Lake Piso

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Lake Piso
Location Grand Cape Mount County
Coordinates 6°44′7″N 11°15′4″W / 6.73528°N 11.25111°W / 6.73528; -11.25111Coordinates: 6°44′7″N 11°15′4″W / 6.73528°N 11.25111°W / 6.73528; -11.25111
Primary inflows various rivers
Primary outflows inlet to the Atlantic Ocean
Basin countries Liberia
Max. length 19 mi (31 km)[1]
Max. width 10 mi (16 km)[1]
Surface area 103 km2 (40 sq mi)
Islands several (Massatin Island)
Grand Cape Mount County (highlighted) in western Liberia

Lake Piso, also known as Lake Pisu[2] and Fisherman's Lake,[3][4] is an oblong[5] tidal lagoon[1][6] in Grand Cape Mount County in western Liberia, near the town of Robertsport. At an area of 103 km2 (40 sq mi),[5] it is the largest lake in Liberia.[6][7] Its name originates from a local term meaning "pigeon's hole" – a reference to the flocks of pigeons that once came to Lake Piso for water.[5]

Hydrology and geology[edit]

The brackish water lake borders the Cape Mount peninsula, and is connected to the Atlantic Ocean by a narrow inlet[2] known locally as the "bar mouth".[8] Various rivers empty into Lake Piso, including Mole Creek and Mafa River, which discharges at the 'bar mouth'.[2][6] There are a number of islands in the lake, including Massatin Island, which offered a haven for monkeys and birds species, it also served as temporary refuge for some Liberians during the Liberian Civil War.[5]


During World War II, Lake Piso functioned as a military base for Allied seaplanes.[1][4]

Lake Piso overflowed its banks at least twice in 1998, causing heavy flooding in Garwular District. Flooding in August 1998 occurred due to a blockage of the narrow inlet connecting the lake to the Atlantic Ocean, damaging some homes.[9] Additional flooding in September and October, brought about by heavy rains, affected over twenty settlements, causing at least ten deaths, leaving thousands homeless, and forcing others to leave their homes.[10][11][12][13][14] The floods led the government of Liberia to declare the area a "disaster zone".[15]

On December 13–14, 2002, the Papa Friends 2000 capsized in Lake Piso, at the confluence of the lake and Mafa River. The overcrowded wooden ferry was transporting approximately 200 passengers, most returning from the funeral of a local footballer. Only 15 people were rescued; the rest drowned and were recovered or presumed dead.[16][17][18][19][20]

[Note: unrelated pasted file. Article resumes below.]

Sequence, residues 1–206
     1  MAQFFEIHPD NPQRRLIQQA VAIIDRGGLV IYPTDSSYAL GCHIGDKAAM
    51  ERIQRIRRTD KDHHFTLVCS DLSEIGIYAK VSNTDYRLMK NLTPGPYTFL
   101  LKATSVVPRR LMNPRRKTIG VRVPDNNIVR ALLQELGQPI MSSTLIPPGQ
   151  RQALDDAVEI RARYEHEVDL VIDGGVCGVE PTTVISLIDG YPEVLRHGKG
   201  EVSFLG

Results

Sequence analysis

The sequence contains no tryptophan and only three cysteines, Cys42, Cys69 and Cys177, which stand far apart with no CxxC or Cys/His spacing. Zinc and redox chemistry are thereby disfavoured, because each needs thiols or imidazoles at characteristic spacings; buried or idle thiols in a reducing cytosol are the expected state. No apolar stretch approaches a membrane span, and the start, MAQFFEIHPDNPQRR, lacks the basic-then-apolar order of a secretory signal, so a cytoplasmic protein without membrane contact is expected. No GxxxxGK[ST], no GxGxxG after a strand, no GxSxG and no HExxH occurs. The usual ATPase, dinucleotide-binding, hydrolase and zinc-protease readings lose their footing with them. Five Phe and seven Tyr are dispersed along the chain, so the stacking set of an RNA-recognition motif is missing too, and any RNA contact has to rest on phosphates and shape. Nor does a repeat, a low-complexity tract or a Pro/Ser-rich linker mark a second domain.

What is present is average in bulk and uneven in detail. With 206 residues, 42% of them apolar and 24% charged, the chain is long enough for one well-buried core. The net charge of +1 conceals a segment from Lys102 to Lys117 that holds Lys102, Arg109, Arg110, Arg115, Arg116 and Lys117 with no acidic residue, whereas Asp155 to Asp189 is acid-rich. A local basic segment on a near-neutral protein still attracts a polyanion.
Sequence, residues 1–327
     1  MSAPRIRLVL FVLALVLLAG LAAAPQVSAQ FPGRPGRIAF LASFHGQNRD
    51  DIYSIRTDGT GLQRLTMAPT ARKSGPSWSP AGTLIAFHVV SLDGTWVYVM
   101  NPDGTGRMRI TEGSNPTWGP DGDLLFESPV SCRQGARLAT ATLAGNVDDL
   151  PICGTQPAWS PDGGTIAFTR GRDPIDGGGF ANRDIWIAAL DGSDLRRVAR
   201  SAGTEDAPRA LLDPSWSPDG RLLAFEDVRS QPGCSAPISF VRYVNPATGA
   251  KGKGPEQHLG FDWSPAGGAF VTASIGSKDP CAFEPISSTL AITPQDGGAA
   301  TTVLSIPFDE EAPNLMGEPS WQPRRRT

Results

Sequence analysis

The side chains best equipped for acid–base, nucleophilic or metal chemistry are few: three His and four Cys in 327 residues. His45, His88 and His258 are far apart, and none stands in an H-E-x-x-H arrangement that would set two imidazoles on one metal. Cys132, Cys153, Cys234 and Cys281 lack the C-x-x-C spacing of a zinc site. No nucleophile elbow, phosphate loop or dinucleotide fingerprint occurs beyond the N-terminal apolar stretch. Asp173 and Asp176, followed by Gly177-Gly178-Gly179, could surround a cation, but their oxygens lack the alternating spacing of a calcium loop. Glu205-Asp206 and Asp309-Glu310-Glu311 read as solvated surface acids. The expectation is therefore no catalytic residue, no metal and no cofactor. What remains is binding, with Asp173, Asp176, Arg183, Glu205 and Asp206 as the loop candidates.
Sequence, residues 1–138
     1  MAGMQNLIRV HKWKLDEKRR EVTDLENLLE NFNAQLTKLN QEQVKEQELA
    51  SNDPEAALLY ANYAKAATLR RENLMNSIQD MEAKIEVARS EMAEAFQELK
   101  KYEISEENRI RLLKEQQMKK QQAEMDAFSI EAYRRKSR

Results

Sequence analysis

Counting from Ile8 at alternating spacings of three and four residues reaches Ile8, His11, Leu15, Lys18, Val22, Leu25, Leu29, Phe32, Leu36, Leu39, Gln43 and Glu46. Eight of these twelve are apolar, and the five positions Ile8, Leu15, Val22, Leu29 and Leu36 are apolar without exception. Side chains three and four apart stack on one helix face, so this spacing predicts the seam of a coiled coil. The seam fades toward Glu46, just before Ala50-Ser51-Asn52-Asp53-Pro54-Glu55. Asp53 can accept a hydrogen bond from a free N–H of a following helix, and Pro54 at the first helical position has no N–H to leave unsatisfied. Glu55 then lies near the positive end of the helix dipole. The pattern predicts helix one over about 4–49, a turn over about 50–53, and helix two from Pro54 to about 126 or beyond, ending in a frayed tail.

A nature reserve was designated near Lake Piso in 1999[21] and, as of 2004, the Lake Piso wetlands, covering an area of 76,091 ha (761 km2), were Liberia's only designated wetland of international importance.[22]

Human activity[edit]

The area near the lagoon is the homeland of the Vai people.[8]

Human activity in Lake Piso includes fishing and water sports such as swimming, canoeing and water skiing.[7] Prior to the outbreak of the First Liberian Civil War, the lagoon was a popular travel destination for tourists.[23]

High-quality diamonds have been mined from the rivers that discharge into Lake Piso where "igneous intrusions provide potentially rich structural traps".[24]


  1. ^ a b c d Fox, Butterflies of Liberia, p. 26.
  2. ^ a b c Walters, Guanya Pau, p. 79.
  3. ^ Cole, The Liberian Yearbook, p. 192.
  4. ^ a b Nelson, Liberia, a Country Study, p. 47.
  5. ^ a b c d Streissguth, Liberia in Pictures, p. 10.
  6. ^ a b c Hughes et al., Directory of African Wetlands, p. 387.
  7. ^ a b Streissguth, Liberia in Pictures, p. 72.
  8. ^ a b Walters, Guanya Pau, p. 39.
  9. ^ "Liberian Daily News Bulletin". Star Radio (Monrovia). 1998-08-22. 
  10. ^ "Flooding in Liberia". BBC News. 1998-10-01. Retrieved 2008-03-10. 
  11. ^ "Liberian Daily News Bulletin". Star Radio (Monrovia). 1998-09-17. 
  12. ^ "Liberian Daily News Bulletin". Star Radio (Monrovia). 1998-10-09. 
  13. ^ "Liberian Daily News Bulletin". Star Radio (Monrovia). 1998-10-10. 
  14. ^ "Liberian Daily News Bulletin". Star Radio (Monrovia). 1998-10-11. 
  15. ^ "Liberian Daily News Bulletin". Star Radio (Monrovia). 1998-10-23. 
  16. ^ "More than 100 feared dead in boat accident in Liberia". Xinhua News Agency. 2002-12-16. 
  17. ^ Toweh, Alphonso (2002-12-17). "At least 60 dead as ferry overloaded with footballer's mourners capsizes". The Independent. p. 13. 
  18. ^ "More Than 100 Feared Drowned Cape Mount Disaster". Africa News. AllAfrica, Inc. 2002-12-17. 
  19. ^ "More than 80 bodies found in ferry accident". The San Diego Union-Tribune. 2002-12-18. p. A-15. 
  20. ^ "Ferry disaster death toll rising". The Ottawa Citizen. 2002-12-18. p. A14. 
  21. ^ Outram, Africa South of the Sahara 2004, p. 613.
  22. ^ UNEP, Desk Study on the Environment in Liberia, p. 52.
  23. ^ "Boat tragedy in Liberia". ONASA News Agency. 2002-12-16. 
  24. ^ Mano River Resources (1999-05-25). "Mano River Resources - Final Results". Regulatory News Service.